BigJohn
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May 10, 2013, 08:13:22 AM
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People will know exactly that information which you yourself give them. So if you put your address somewhere, they'll know your address, and whatever other information is associated with the place where you displayed it.

Say you make a web site and put a page up with your address in it. People will know that whoever made that page also controls that address. If the information is publicly available, say from the website's whois info, then that can be associated with the address.

Maybe you could be more specific about what you're trying to do. It'll be easier to advise you then.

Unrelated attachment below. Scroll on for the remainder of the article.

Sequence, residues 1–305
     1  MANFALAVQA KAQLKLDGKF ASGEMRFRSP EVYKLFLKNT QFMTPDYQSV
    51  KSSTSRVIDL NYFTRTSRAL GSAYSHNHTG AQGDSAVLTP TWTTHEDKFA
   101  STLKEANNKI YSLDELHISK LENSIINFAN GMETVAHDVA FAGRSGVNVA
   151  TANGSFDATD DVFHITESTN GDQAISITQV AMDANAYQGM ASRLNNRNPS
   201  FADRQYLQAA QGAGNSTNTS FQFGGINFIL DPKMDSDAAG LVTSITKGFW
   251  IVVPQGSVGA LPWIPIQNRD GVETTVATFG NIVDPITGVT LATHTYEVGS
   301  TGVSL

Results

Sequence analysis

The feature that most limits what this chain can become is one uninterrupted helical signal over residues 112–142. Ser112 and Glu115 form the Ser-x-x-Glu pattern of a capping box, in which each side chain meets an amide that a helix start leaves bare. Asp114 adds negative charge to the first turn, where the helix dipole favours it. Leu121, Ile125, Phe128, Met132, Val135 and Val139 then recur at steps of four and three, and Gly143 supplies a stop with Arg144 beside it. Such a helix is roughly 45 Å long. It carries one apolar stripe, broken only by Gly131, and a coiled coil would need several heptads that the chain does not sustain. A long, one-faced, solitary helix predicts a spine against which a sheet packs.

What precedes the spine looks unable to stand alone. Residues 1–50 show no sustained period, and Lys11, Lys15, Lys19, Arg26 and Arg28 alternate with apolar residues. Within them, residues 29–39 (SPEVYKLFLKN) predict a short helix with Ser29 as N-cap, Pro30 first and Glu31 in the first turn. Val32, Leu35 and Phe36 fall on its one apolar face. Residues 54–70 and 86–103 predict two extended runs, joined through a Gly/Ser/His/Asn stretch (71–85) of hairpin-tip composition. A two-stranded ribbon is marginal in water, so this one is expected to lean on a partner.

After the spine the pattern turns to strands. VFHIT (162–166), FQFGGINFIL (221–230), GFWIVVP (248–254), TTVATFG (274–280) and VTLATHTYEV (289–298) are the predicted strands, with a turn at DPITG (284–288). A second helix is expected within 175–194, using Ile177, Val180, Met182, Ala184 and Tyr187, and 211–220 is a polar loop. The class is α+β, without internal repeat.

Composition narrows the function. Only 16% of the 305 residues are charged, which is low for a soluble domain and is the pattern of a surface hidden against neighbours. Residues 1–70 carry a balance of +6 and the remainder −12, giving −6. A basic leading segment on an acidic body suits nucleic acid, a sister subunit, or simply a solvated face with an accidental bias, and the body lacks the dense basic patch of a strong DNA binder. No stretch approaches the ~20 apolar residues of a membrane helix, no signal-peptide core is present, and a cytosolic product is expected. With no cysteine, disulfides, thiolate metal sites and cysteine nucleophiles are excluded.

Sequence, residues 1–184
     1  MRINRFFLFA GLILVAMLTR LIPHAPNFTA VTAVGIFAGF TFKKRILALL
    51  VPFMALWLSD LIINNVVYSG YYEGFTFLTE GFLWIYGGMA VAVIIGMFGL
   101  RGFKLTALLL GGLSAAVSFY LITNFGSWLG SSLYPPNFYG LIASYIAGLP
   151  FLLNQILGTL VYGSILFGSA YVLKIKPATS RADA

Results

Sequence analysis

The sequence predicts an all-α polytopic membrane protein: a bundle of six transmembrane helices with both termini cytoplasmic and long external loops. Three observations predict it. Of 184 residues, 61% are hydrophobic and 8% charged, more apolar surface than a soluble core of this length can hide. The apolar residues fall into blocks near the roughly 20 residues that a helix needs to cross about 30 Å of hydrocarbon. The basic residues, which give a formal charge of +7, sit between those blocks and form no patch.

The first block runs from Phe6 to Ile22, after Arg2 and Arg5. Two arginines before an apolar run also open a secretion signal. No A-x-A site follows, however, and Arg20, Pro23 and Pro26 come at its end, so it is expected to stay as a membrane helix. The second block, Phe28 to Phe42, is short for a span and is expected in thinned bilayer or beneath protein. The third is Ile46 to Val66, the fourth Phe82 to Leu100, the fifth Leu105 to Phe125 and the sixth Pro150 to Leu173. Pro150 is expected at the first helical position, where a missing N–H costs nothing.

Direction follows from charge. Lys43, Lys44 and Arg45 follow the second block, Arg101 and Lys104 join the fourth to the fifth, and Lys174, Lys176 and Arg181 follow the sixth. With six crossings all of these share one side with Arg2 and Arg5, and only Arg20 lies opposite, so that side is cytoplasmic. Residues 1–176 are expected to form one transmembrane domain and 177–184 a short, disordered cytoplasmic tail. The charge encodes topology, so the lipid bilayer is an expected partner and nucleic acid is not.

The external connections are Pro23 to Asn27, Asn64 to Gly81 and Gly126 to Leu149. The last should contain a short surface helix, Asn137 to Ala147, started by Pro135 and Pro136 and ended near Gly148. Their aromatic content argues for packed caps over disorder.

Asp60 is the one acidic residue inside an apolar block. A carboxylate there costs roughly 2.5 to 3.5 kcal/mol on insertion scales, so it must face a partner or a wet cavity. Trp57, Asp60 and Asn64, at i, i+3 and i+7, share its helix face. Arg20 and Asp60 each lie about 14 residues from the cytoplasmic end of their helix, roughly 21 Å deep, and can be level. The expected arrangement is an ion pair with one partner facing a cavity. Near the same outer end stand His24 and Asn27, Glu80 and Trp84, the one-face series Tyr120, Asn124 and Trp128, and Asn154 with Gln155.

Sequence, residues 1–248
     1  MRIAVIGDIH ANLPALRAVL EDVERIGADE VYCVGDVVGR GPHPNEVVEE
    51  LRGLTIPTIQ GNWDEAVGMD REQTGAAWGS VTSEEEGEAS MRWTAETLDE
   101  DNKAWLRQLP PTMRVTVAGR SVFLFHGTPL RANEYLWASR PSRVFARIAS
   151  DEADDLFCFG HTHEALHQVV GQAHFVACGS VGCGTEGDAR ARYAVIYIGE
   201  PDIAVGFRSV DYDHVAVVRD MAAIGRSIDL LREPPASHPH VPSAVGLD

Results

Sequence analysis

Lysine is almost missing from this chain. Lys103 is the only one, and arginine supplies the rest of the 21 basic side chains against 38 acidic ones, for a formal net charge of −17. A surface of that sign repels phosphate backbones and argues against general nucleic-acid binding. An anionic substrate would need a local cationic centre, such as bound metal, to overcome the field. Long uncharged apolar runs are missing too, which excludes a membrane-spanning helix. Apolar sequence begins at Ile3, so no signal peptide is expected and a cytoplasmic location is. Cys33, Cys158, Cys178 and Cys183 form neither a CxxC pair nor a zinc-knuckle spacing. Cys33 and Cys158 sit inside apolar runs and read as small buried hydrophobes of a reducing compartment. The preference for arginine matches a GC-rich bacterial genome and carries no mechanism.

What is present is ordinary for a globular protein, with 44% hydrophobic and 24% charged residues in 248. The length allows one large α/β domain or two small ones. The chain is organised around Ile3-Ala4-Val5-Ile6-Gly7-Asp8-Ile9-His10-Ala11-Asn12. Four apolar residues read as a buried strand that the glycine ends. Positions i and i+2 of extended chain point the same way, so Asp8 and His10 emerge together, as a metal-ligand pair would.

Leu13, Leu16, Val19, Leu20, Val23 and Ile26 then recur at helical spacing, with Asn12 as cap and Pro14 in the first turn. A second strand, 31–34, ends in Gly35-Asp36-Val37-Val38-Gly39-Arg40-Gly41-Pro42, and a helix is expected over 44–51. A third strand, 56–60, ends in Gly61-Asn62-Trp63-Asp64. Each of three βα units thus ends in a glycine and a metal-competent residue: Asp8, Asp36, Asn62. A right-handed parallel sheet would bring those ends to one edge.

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May 10, 2013, 02:27:43 PM
 #7

It depends on who you do business with. If you send bitcoins to someone who knows who you are, then yes- it's traceable back to you. All anyone has to do is find who you sent it to.

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May 10, 2013, 02:54:09 PM
 #8

Given incentive enough, the addresses you use are traceable back to you, unless you are a perfect anonymity paranoid with some tech skills.

First at all, if you connect to internet using an ISP service you are paying, the IP you use is linked to you. If i have access to the bitcointalk server logs and your ISP information, then i know who you are. Same is true for a gmail account, an irc connection, or whatever activity you do using your IP. This includes sending transactions. While the blockchain won't store your IP, the bitcoin network, at some point, knew that you used that IP. A determined attacker could monitorize the network gathering this info (or have it stored).